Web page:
Ready to improve the accuracy of your choice models? This is particularly useful if you're wanting to save money in data collection. Today, I'll show you how to include covariates such as behavioral data, attitudes, and demographics in a discrete choice (CBC) model using Hierarchical Bayes.

What are choice models and covariates?

Let's say you're conducting a stated preference choice experiment. In this experiment, your respondents are asked a series of questions and must make choices between alternatives with different attributes. For example, in a study on sports drinks, the alternatives may be different brands and the attributes may be price, bottle size, flavor, and sugar content. The mathematical model used to analyze these types of experiments is called a choice model. It is also commonly called a choice-based conjoint analysis.

The classic choice model does not include additional information about the respondents such as their income or age. In this post, I'll show you how we can modify the model to include this additional information. We'll be using Hierarchical Bayes (HB) to incorporate the covariates and to fit the model.

I'll discuss why we may want to include covariates in our choice models and explain how this can be done in an HB framework. I'll then demonstrate the approach using a discrete choice study examining fast food preferences.

bitmoji of Matt asking "what's for lunch?"

A quick introduction to Hierarchical Bayes analysis with choice models

Before we begin adding respondent-specific variables (like demographics) to our discrete choice analyses, we need to quickly introduce Hierarchical Bayes (HB). You can read more about using Hierarchical Bayes for MaxDiff here.

Hierarchical Bayes is a powerful approach for analyzing data. It allows us to incorporate prior beliefs about model parameters, such as the part-worth means and variances. Using state-of-the-art Monte Carlo methods, we can easily model the behavior of a market. In contrast to other approaches, we can obtain samples that teach us about the entire distribution of the part-worths and other model parameters rather than only point estimates.

The 'hierarchical' in Hierarchical Bayes refers to the multilevel structure of the model. Parameters at each level can have their own distinct distributions. At the individual level, we model the within-respondent variation and specify a distribution for the individual part-worths. At the population level, we pool information across respondents and describe how part-worths vary in the entire population.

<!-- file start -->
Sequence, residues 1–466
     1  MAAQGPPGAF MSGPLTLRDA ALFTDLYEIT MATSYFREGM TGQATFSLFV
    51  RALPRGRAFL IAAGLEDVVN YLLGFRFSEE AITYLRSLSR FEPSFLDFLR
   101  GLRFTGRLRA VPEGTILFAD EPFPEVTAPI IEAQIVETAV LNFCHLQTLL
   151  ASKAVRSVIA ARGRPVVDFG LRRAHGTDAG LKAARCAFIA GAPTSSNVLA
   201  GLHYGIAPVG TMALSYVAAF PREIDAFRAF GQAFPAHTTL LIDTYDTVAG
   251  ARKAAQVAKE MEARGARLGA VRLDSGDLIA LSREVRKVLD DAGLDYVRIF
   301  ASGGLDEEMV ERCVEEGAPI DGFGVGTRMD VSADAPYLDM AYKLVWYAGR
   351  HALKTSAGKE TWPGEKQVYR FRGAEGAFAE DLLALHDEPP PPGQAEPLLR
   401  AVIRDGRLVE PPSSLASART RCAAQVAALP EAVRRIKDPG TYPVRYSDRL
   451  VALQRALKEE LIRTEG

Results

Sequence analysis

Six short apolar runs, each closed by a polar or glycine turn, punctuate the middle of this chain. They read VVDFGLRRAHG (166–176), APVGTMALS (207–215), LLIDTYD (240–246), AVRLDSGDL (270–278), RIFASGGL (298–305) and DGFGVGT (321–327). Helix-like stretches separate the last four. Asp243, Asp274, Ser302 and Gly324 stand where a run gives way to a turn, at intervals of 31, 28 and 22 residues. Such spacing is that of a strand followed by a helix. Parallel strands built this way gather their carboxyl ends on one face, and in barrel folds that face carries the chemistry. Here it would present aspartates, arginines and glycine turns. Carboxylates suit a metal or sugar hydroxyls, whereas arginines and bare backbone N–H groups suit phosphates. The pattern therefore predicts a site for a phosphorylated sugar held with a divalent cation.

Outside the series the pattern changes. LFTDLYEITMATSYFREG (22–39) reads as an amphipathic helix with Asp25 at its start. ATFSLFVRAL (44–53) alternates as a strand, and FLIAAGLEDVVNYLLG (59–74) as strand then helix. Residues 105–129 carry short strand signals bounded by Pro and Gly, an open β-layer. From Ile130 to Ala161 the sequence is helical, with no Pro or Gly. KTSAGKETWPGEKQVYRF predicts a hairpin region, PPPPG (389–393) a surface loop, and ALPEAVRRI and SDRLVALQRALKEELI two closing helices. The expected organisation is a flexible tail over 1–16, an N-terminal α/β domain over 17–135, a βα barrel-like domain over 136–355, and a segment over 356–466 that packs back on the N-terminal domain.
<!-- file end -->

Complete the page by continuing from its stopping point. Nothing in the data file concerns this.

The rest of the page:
Why include respondent-specific covariates?

Recent advances in computing have made it possible to include respondent-specific covariates in HB choice models. There are several reasons why we may want to do this in practice. It is possible that the information from additional covariates improves the estimates of the part-worths. This is more likely to be the case for surveys where respondents are asked fewer questions each and we have less information on each individual. Additionally, when respondents are segmented, we may be worried about the estimates for one segment being biased by another segment. Another concern is that HB may shrink the segment means overly close to each other. This is especially problematic if sample sizes vary greatly between segments.

How to include covariates in the model (skip this section if you don't like math)

In the usual HB choice model, we model the part-worths for the ith respondent as βi ~ N(μ, ∑). Note that the mean and covariance parameters μ and ∑ do not depend on i, and are the same for each respondent in the population. The simplest way to include respondent-specific covariates in the model is to modify μ so that it depends on the respondent's covariates.